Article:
A worthy successor to the surprising reboot of the classic franchise. Feature excellent action, first-rate visual effects, nice character writing and fairly decent social commentary, it succeeds on most levels.
- The Fault In Our Stars
As a fan of John Green’s online video work, I hadn’t actually managed to read the book this is based on (I still haven’t). I thought the movie was quite good. A bit genre-typical in some ways, but quite good nonetheless.
To be clear, this movie shouldn’t work. It features a central concept that is scientifically idiotic (the whole 10% of the brain thing, which Hollywood seems unwilling to let go of) and a plot that is equal parts overly simple and wildly convoluted. Honestly, this script just plain shouldn’t work. Yet, somehow, against all the odds, it does. That is thanks in large part to Scarlett Johansson. Her performance goes from emotionally human to completely
detached. It’s something of a reversal from her hugely esoteric performance in this year’sUnder The Skin. Luc Besson lends it plenty of energy and style, which also definitely helps.
The ending doesn’t completely work, namely the last 10 minutes, but it doesn’t overly hurt the rest of the movie, which is good. An intriguing script is well produced and thankfully plays for ideas and suspense more than shock tactics or violence. And of course the fantastic cast helps a lot.
- Labor Day
Jason Reitman is a favorite director, and this surprisingly charming but grounded period piece is yet another excellent movie for his filmography. It doesn’t have the typical sarcastic or edgy character work his films usually do, but I still liked it. The nice cast is an extra benefit.
- The Monuments Men
This movie got a surprisingly poor reaction from critics and many audiences. I’m not sure why cause I very much enjoyed it. Then again, I consider George Clooney to be an under-rated director and my WWII fixation certainly helps. Clooney assembled a wonderful cast, which is also a great component.
- Need For Speed
When I saw the first trailers for this movie, I feared the worst. Perhaps that’s why I ended up liking it so much. It’s fairly simple, but not aggressively stupid like many of its genre (eg: some of the Fast & Furious franchise entries). It has spectacular production quality, including some nice stunt work and excellent cinematography. I saw it on a screen with quite possibly the greatest sound presentation I have ever experienced, which is another plus.
- Muppets Most Wanted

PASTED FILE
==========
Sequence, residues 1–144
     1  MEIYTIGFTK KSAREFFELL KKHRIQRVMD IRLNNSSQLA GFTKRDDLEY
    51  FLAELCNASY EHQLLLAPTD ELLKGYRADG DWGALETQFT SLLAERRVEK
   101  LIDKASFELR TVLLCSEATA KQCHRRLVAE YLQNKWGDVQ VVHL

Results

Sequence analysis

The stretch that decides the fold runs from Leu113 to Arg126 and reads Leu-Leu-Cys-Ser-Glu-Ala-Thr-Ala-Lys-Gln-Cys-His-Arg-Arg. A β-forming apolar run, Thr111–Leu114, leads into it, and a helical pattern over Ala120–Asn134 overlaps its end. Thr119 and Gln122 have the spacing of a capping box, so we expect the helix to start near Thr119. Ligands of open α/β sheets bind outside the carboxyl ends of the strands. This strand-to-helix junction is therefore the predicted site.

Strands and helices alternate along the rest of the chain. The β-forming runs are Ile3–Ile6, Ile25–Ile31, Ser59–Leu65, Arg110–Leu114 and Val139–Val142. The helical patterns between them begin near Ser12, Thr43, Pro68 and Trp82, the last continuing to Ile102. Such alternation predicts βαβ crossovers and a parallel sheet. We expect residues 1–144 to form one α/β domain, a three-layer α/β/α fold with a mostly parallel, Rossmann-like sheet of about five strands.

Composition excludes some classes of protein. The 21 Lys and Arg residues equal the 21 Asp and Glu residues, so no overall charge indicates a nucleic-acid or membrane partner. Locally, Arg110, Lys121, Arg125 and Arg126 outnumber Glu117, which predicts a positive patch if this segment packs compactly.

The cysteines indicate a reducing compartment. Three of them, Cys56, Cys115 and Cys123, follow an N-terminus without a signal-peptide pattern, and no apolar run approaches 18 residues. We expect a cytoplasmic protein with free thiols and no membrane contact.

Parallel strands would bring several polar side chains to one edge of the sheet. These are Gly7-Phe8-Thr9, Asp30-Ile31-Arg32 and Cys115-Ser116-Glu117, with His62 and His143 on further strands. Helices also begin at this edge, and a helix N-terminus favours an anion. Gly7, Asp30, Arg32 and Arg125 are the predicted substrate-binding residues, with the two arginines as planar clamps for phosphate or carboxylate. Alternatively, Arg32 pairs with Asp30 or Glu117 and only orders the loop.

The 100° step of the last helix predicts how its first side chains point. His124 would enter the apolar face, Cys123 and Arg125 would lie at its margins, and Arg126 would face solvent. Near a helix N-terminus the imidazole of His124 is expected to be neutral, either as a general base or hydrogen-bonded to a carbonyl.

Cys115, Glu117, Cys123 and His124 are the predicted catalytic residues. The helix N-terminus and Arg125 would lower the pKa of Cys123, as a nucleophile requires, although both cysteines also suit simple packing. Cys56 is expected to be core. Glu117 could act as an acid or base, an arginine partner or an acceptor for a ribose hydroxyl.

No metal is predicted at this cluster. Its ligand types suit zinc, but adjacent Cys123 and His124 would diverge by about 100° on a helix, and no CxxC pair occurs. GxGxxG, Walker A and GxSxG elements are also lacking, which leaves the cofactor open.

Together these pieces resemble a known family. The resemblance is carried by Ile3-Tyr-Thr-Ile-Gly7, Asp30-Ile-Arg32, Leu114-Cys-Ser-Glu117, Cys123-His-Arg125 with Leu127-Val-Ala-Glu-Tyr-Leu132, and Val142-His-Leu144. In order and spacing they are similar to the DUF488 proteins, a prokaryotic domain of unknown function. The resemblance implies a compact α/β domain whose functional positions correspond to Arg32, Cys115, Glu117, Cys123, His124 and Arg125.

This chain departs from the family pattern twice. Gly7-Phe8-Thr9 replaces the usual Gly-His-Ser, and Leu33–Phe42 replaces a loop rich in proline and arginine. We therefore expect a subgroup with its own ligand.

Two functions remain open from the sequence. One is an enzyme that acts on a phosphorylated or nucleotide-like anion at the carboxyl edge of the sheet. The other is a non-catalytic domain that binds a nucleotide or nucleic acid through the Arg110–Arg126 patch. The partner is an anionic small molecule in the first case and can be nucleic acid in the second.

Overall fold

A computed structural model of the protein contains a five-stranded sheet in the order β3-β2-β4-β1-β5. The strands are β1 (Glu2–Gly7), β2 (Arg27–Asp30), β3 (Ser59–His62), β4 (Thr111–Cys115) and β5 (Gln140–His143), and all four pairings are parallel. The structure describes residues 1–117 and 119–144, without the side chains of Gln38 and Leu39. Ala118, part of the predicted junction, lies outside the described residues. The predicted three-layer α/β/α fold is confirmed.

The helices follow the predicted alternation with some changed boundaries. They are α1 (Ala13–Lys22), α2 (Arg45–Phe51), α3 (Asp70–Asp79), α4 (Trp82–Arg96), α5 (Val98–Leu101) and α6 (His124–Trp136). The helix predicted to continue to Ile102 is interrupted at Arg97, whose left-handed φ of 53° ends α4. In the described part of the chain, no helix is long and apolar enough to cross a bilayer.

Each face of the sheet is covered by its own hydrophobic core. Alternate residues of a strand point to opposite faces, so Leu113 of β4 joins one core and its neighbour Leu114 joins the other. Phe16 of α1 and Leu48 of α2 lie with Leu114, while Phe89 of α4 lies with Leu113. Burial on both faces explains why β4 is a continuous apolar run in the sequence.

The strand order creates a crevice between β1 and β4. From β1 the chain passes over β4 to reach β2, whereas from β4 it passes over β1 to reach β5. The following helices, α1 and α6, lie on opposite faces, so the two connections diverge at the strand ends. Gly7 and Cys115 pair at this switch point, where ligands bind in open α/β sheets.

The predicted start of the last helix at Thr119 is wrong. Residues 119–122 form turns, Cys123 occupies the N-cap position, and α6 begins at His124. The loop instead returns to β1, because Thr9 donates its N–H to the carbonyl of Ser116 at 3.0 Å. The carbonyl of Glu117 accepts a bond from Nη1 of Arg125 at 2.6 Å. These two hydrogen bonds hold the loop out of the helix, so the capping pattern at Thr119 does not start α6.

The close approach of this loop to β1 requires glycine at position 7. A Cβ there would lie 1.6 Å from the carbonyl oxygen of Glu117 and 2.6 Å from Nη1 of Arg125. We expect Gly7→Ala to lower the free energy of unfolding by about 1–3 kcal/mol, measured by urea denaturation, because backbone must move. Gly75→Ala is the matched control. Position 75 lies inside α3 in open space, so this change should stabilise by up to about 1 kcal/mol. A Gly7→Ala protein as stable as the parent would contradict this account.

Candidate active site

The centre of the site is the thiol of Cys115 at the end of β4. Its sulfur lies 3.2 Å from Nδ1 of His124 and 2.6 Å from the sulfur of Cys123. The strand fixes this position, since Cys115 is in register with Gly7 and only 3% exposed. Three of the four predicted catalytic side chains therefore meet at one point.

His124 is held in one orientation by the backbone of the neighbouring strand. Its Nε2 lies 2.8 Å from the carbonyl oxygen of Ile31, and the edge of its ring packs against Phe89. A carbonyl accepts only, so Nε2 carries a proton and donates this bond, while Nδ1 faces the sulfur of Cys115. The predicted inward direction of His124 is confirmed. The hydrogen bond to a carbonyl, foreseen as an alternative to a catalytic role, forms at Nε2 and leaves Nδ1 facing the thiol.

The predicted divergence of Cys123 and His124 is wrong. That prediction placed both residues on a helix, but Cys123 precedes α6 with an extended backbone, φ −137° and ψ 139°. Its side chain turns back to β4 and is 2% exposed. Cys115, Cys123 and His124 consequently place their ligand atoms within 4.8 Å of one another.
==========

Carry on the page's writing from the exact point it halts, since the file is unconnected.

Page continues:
Not quite as good as the previous film (of which it picks up from the final seconds), but still plenty of fun. Lots of over-arching bad guy silliness. Plenty of Muppet madness.
- The Equalizer
About as good as one could possibly hope for from a movie that’s filled with genre stereotypes. Put a talented crew behind the camera and an excellent cast in front of it and you at least achieve very solid movie. There are very few actors that can pull off this role as well as Denzel.
One of the biggest surprises of the year. I wasn’t really expecting to like this one. What made many people not like it (and I know people who HATED it) is what actually made me quite like it – grounding the movie with Hercules as a normal human. Overall, I thought it was a solid film for the genre, and better than most of its kind. To those of you that hated it, that’s fine. I know it’s a kinda odd, lumbering action film. For whatever reason, it worked for me.
- Jack Ryan: Shadow Recruit
A bit paint-by-numbers, but it pulls it all off competently and with good entertainment value. Chris Pine is a good reboot version of Jack Ryan, and Kevin Costner works surprisingly well (though the character greatly benefits from his very dry acting style).
- Alexander And The Terrible, Horrible, No Good, Very Bad Day
About as good as a live-action, sweet, family film from Disney can be expected to be. It’s like a more mainstream version of something like Malcolm In The Middle. Whatever imperfections the script might have, the great cast manages to compensate.
- The Maze Runner
Not a great sci-fi film, but pretty good. The ending feels a bit forced, and a bit too ” this is based on a series of books, so we have to quickly try to set up a franchise before the credits roll.” The young cast is overall pretty good, and the production is pretty good.
I rather liked this movie. Granted, I have a soft spot for disaster movies. But surprisingly, I rather liked much of the Roman gladiatorial stuff as well, which is often hit-or-miss for me as a genre. The 3D was actually half decent (for me to say that is quite a compliment). Overall, a great production with a nice cast (Kiefer Sutherland is particularly great). I know it’s totally Hollywoodized, but that’s OK if they get the tone right.
A movie I wish I loved, but I only decently liked. My main problem with the movie was that the main character made too many odd choices that I wouldn’t have made in his place. Still, it’s well produced and features Liam Neeson in an action role, so that’s a major plus.
- Captain America: The Winter Soldier